Public Papers - 1991
Proclamation 6396 -- National Law Enforcement Training Week, 1992
By the President of the United States
High-quality training is an essential component of effective law enforcement. The dedicated men and women who serve in this field have sworn to uphold the constitutional rights of individuals while promoting and defending the public safety. Meeting that challenge requires that every officer -- from the rookie on the street to the most experienced chief or investigator -- be equipped with certain knowledge and skills.
Today law enforcement training is as rigorous and as wide-ranging in scope as the day-to-day demands of an officer's job. First, every man and woman behind the badge must have knowledge of the law itself, including the rules of proper conduct and procedure. Because their work places them on the front lines in the war against drugs and crime, law enforcement officers also devote many hours of study and practice to self-defense techniques and to the safe use of firearms. Basic law enforcement training also includes physical conditioning, as well as lessons and exercises in the administration of first aid. Whether they are called to the scene of an accident or to the site of a violent domestic dispute, law enforcement officers know that lives depend on their preparedness and skill.
While the fundamentals have remained the same, recent advances in science and technology have changed many aspects of law enforcement and law enforcement training. To fight back against increasingly sophisticated crimes, police officers and other law enforcement agents are employing increasingly sophisticated tools and methods, from computers and toxicology to genetic ``fingerprinting'' and psychological profiling. Thus, those individuals who provide law enforcement training -- including continuing education for veteran personnel -- are part of a large, multidisciplinary team of professionals.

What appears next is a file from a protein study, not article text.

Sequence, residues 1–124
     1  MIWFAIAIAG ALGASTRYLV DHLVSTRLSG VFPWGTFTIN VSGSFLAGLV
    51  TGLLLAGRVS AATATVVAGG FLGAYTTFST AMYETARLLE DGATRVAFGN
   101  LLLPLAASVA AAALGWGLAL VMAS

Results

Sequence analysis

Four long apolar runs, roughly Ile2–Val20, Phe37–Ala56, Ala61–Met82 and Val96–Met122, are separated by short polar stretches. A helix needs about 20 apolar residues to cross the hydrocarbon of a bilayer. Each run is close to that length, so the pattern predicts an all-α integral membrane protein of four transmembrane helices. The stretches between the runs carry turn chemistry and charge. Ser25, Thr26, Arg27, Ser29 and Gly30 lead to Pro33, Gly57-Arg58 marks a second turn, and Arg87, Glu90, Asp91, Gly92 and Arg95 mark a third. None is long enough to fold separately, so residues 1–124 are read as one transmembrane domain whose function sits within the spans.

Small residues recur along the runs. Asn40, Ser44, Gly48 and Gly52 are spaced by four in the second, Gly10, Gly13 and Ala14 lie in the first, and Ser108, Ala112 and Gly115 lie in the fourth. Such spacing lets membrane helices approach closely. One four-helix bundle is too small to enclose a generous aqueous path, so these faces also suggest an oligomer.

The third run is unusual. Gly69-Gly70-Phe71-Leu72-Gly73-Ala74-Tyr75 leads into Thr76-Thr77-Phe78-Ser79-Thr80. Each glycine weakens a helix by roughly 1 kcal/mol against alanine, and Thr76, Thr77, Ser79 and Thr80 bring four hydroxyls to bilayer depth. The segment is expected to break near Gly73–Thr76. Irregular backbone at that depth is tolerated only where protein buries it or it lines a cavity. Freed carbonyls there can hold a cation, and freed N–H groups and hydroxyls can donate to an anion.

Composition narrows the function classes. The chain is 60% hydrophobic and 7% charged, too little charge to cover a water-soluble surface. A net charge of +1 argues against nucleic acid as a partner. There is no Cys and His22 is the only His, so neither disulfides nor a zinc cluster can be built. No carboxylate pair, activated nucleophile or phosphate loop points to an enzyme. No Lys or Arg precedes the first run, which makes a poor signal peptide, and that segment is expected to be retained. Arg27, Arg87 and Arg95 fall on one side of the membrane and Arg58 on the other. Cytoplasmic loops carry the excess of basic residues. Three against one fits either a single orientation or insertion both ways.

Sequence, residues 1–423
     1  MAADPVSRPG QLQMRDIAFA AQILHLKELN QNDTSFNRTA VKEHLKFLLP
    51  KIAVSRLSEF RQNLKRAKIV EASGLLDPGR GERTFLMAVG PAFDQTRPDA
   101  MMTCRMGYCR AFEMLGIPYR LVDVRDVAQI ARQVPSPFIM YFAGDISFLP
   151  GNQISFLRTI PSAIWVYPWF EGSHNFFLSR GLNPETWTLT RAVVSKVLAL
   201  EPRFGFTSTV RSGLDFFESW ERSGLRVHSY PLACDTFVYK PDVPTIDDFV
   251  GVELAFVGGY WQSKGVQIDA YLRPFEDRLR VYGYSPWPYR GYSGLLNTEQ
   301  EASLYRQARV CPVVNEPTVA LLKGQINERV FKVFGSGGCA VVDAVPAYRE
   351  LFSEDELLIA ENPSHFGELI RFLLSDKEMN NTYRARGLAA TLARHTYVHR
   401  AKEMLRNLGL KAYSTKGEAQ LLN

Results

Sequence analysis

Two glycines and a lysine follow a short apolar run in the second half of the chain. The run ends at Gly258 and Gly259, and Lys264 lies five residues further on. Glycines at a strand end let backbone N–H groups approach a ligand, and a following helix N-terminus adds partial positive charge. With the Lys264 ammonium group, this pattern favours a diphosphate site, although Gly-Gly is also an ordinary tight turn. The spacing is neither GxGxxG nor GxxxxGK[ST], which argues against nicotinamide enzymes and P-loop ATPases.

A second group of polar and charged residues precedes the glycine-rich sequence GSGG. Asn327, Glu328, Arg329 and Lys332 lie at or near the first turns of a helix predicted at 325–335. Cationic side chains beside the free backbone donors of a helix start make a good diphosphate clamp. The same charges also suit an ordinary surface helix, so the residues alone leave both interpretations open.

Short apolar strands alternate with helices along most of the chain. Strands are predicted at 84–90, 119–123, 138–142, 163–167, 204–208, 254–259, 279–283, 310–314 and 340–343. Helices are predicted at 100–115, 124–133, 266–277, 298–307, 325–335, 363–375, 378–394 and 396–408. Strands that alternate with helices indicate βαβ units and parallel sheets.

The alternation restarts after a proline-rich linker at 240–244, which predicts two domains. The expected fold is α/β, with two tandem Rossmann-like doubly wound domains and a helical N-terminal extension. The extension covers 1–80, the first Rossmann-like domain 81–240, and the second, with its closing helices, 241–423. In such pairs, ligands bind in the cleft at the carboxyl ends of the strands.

This week, as we gratefully salute all those who conduct and participate in law enforcement training, we also acknowledge the many rewarding career opportunities that it offers through its related disciplines. Young Americans who aspire to serve in our Nation's law enforcement and criminal justice system are encouraged to learn more about them.
To heighten public awareness of the importance of law enforcement training and its related fields, the Congress, by Public Law 102 - 206, has designated the week of January 5 through January 11, 1992, as ``National Law Enforcement Training Week'' and has authorized and requested the President to issue a proclamation in observance of this week.
Now, Therefore, I, George Bush, President of the United States of America, do hereby proclaim the week beginning January 5, 1992, as National Law Enforcement Training Week. I invite all Americans to observe this week with appropriate programs and activities.
In Witness Whereof, I have hereunto set my hand this twentieth day of December, in the year of our Lord nineteen hundred and ninety-one, and of the Independence of the United States of America the two hundred and sixteenth.
[Filed with the Office of the Federal Register, 11:01 a.m., December 23, 1991]
Note: This proclamation was published in the Federal Register on December 24.